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Towards a formalism for expressing structures of consciousness
The objective of developing a formalism in Phenomenology is threefold. First, a formalism should help the phenomenologist to put down in more precise and stable form what this or that means in his or her attempt reflectively to describe conscious experiences. Second, it should facilitate communication of phenomenological findings. Third, it should advance the elaboration of agreement procedures among researchers of consciousness using first-person methodologies. To enable intersubjective agreement concerning essentially subjective, first-person data would, in itself, seem to be a valuable goal for an investigation of consciousness within philosophical Phenomenology.1 Moreover, such agreement is no doubt requisite for successfully integrating phenomenological data within scientific studies of consciousness in the Cognitive Sciences.2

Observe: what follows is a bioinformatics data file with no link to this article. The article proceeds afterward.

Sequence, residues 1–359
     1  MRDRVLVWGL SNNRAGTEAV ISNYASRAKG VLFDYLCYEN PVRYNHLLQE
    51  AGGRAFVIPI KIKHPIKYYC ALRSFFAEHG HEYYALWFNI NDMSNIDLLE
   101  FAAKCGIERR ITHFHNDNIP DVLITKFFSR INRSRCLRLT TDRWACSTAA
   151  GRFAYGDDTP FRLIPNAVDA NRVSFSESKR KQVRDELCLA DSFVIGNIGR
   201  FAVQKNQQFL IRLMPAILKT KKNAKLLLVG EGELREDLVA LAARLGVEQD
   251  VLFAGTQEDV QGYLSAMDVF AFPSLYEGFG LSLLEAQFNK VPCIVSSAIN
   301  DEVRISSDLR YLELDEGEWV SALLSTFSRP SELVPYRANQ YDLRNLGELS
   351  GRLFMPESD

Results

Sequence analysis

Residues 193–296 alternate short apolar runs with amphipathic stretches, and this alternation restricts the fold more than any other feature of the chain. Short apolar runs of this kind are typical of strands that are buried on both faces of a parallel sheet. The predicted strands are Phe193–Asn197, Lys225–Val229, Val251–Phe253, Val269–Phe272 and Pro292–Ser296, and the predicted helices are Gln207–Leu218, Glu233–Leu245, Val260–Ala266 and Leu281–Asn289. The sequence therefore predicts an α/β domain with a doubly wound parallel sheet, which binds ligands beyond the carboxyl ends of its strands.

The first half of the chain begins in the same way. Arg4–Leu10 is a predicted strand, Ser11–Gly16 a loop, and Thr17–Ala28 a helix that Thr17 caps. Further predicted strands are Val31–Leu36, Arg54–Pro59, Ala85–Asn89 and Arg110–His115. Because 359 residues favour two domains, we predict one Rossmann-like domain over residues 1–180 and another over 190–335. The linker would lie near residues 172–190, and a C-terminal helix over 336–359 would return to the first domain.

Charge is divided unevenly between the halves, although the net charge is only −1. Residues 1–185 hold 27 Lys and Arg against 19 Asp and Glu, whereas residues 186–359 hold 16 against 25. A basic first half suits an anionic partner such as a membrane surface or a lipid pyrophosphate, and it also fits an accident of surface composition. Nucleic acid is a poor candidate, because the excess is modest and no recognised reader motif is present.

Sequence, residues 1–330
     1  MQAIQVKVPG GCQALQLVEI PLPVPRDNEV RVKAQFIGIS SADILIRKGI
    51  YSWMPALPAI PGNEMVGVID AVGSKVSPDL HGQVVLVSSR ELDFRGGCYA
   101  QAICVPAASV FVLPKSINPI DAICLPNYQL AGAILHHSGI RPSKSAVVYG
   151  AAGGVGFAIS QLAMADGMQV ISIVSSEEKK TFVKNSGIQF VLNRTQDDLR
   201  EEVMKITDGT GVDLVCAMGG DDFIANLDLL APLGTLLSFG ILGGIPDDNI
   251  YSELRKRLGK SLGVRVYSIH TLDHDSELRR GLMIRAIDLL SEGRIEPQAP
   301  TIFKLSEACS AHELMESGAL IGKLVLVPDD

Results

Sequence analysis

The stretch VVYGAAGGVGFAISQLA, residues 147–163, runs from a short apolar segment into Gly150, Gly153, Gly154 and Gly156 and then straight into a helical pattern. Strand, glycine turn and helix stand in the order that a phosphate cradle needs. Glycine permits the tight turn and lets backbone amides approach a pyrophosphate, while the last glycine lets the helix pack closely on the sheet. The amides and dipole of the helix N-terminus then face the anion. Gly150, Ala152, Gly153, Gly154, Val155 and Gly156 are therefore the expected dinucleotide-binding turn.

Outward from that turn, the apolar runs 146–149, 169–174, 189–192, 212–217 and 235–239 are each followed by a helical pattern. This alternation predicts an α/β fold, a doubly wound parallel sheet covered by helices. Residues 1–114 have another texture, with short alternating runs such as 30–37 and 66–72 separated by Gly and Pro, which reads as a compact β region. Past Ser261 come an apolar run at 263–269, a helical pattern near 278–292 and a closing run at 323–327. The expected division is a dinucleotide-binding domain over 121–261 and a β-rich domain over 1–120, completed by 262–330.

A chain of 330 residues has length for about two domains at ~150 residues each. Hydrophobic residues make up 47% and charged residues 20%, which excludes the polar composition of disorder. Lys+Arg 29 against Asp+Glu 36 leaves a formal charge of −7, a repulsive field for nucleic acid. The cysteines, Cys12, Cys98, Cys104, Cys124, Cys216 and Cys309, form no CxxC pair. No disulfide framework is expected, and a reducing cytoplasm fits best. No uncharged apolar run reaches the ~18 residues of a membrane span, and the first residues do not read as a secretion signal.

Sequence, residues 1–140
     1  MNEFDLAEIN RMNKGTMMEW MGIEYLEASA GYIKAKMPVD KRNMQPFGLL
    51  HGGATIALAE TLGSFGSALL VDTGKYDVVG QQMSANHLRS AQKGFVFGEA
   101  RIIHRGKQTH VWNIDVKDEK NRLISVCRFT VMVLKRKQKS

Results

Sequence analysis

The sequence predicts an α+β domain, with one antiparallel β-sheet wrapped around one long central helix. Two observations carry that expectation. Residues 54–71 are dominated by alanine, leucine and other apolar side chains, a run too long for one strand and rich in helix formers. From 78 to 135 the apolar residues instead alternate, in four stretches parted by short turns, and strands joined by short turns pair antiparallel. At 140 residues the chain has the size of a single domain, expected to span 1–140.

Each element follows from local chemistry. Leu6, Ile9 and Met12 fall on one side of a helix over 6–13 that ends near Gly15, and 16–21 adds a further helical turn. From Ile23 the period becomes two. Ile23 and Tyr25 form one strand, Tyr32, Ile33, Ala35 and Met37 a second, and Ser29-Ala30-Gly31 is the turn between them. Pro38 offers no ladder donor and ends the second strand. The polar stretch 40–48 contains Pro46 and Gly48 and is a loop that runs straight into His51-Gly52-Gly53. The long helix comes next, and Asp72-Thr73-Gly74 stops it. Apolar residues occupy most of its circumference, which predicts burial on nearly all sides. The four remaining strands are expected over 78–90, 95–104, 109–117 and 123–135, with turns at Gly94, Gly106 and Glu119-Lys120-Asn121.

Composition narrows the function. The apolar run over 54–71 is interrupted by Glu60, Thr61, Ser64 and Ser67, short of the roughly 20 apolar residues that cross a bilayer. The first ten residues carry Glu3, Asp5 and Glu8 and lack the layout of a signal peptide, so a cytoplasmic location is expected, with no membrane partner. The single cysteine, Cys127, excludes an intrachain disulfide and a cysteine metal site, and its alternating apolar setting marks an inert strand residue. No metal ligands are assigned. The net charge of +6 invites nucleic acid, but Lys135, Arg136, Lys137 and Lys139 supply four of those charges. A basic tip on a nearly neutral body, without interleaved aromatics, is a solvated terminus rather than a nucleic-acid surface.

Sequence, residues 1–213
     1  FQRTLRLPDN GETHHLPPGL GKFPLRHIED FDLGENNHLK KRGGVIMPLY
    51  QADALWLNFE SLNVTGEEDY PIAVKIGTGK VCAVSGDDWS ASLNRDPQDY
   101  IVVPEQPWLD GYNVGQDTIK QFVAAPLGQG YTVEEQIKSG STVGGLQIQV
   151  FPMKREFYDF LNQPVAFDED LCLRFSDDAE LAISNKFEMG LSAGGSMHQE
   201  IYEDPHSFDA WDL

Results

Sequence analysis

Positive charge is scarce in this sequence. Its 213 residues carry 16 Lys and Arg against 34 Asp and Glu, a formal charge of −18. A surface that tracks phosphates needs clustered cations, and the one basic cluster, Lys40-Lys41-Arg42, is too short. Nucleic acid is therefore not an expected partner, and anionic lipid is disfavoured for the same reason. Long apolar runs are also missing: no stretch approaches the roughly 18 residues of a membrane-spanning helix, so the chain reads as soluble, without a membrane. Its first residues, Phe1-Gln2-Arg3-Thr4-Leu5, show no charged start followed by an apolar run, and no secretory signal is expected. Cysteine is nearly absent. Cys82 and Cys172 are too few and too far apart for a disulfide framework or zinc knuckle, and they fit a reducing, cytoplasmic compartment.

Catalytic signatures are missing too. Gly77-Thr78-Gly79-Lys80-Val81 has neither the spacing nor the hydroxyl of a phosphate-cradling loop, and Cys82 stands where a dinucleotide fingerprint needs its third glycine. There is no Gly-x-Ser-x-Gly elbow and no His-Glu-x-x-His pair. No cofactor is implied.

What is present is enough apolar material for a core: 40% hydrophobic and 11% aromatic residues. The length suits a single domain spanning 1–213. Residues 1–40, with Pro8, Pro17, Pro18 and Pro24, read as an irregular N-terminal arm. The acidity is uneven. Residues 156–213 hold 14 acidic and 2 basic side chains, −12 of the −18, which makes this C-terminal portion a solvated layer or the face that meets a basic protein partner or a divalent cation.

Marbach, E. (2010)., Towards a formalism for expressing structures of consciousness, in S. Gallagher & D. Schmicking (eds.), Handbook of phenomenology and cognitive science, Dordrecht, Springer, pp. 57-81.
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